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Homologous high-throughput expression and purification of highly conserved E coli proteins

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http://pubman.mpdl.mpg.de/cone/persons/resource/persons50117

Büssow,  Konrad
Dept. of Vertebrate Genomics (Head: Hans Lehrach), Max Planck Institute for Molecular Genetics, Max Planck Society;

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Ergin, A., Büssow, K., Sieper, J., Thiel, A., Duchmann, R., & Adam, T. (2007). Homologous high-throughput expression and purification of highly conserved E coli proteins. Microbial Cell Factories, 6, 18-18. doi:10.1186/1475-2859-6-18.


Cite as: http://hdl.handle.net/11858/00-001M-0000-0010-81B6-9
Abstract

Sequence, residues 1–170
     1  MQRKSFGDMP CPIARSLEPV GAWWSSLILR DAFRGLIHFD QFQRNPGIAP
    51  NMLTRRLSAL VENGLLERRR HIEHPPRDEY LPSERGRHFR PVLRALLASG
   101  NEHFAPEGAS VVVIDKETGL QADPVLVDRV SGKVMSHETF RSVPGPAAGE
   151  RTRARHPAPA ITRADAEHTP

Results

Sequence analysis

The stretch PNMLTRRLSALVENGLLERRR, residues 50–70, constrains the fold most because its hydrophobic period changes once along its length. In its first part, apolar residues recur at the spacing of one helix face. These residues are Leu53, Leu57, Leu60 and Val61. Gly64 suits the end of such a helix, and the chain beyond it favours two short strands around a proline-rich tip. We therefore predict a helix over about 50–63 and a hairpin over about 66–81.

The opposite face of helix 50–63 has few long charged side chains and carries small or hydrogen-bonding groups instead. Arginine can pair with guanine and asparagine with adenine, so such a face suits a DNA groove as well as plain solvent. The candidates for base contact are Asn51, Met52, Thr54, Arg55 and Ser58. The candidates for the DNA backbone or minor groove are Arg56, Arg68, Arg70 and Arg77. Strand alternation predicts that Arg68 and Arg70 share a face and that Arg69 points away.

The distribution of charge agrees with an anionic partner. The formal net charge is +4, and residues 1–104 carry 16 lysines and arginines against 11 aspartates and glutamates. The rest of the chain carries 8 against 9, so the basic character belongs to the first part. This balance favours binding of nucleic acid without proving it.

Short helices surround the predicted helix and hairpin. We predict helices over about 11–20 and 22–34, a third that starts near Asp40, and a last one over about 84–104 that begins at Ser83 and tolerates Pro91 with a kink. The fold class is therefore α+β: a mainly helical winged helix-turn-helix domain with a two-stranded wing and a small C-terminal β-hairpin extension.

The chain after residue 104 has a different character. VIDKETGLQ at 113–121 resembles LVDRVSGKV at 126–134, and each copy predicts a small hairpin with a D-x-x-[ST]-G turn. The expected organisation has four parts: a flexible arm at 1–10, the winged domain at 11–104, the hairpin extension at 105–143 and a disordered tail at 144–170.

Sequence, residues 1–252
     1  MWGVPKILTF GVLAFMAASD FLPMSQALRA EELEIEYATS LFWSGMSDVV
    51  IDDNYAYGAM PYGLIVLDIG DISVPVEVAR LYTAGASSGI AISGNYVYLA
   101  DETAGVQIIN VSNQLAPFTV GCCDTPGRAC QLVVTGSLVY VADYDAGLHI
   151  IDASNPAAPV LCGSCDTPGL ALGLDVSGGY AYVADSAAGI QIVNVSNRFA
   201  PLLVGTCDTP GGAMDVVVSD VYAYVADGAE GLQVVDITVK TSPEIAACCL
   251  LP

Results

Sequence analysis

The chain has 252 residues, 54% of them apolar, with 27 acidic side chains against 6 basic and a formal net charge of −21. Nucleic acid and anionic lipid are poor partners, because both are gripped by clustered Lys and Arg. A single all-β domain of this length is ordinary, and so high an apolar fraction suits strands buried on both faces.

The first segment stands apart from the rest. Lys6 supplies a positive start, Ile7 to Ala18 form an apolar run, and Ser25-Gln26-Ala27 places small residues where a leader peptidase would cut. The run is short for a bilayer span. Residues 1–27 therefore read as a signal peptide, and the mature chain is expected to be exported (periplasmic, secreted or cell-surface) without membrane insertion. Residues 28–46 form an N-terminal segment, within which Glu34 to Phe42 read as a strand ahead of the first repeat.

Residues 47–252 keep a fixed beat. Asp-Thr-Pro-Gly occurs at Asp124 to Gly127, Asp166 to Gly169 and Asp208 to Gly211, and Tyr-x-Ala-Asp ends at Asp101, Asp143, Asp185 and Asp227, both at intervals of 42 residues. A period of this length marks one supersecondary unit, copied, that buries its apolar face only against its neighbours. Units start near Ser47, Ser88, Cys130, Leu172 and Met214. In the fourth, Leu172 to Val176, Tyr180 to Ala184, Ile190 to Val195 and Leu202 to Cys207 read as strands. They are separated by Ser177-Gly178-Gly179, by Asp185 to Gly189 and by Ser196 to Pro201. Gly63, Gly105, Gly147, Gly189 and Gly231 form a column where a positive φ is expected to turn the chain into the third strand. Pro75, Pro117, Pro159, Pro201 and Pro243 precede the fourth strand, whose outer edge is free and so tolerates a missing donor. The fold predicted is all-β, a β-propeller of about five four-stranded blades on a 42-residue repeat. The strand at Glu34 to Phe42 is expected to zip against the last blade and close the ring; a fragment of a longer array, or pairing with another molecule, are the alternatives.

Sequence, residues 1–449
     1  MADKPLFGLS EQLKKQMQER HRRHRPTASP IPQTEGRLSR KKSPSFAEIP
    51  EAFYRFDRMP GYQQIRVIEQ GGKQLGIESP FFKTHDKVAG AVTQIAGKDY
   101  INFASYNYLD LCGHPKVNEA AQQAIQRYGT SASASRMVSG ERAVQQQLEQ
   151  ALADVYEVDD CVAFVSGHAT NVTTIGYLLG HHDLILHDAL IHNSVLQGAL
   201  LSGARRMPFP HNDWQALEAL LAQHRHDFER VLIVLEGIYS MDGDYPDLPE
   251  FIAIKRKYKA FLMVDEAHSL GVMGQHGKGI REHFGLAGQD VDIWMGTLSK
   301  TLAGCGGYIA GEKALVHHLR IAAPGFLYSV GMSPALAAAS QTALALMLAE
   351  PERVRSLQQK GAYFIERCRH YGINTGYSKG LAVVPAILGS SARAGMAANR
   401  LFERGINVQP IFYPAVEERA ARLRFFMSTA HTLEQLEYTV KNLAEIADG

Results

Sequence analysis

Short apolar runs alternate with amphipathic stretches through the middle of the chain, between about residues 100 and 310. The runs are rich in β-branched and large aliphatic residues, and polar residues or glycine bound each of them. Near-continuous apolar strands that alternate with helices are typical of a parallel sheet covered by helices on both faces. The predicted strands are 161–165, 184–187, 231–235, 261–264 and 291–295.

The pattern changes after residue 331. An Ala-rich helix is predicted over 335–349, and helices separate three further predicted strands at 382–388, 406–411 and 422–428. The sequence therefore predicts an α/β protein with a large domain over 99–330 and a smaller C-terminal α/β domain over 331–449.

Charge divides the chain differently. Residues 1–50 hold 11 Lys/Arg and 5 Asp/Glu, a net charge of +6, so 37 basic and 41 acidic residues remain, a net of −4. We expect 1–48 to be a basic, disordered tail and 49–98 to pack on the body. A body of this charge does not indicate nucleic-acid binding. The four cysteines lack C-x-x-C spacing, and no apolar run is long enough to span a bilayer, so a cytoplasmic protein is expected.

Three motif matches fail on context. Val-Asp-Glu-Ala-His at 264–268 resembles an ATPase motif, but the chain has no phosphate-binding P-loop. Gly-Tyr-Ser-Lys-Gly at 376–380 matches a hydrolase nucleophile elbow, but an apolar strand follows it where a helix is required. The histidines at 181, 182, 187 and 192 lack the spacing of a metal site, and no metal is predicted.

Background Genetic factors and a dysregulated immune response towards commensal bacteria contribute to the pathogenesis of Inflammatory Bowel Disease (IBD). Animal models demonstrated that the normal intestinal flora is crucial for the development of intestinal inflammation. However, due to the complexity of the intestinal flora, it has been difficult to design experiments for detection of proinflammatory bacterial antigen(s) involved in the pathogenesis of the disease. Several studies indicated a potential association of E. coli with IBD. In addition, T cell clones of IBD patients were shown to cross react towards antigens from different enteric bacterial species and thus likely responded to conserved bacterial antigens. We therefore chose highly conserved E. coli proteins as candidate antigens for abnormal T cell responses in IBD and used high-throughput techniques for cloning, expression and purification under native conditions of a set of 271 conserved E. coli proteins for downstream immunologic studies. Results As a standardized procedure, genes were PCR amplified and cloned into the expression vector pQTEV2 in order to express proteins N-terminally fused to a seven-histidine-tag. Initial small-scale expression and purification under native conditions by metal chelate affinity chromatography indicated that the vast majority of target proteins were purified in high yields. Targets that revealed low yields after purification probably due to weak solubility were shuttled into Gateway (Invitrogen) destination vectors in order to enhance solubility by N-terminal fusion of maltose binding protein (MBP), N-utilizing substance A (NusA), or glutathione S-transferase (GST) to the target protein. In addition, recombinant proteins were treated with polymyxin B coated magnetic beads in order to remove lipopolysaccharide (LPS). Thus, 73% of the targeted proteins could be expressed and purified in large-scale to give soluble proteins in the range of 500 μg. Conclusion Here, we report a cost-efficient procedure to produce around 200 soluble recombinant E. coli proteins in large-scale, including removal of LPS by polymyxin B coated beads for subsequent use of the proteins in downstream immunological studies.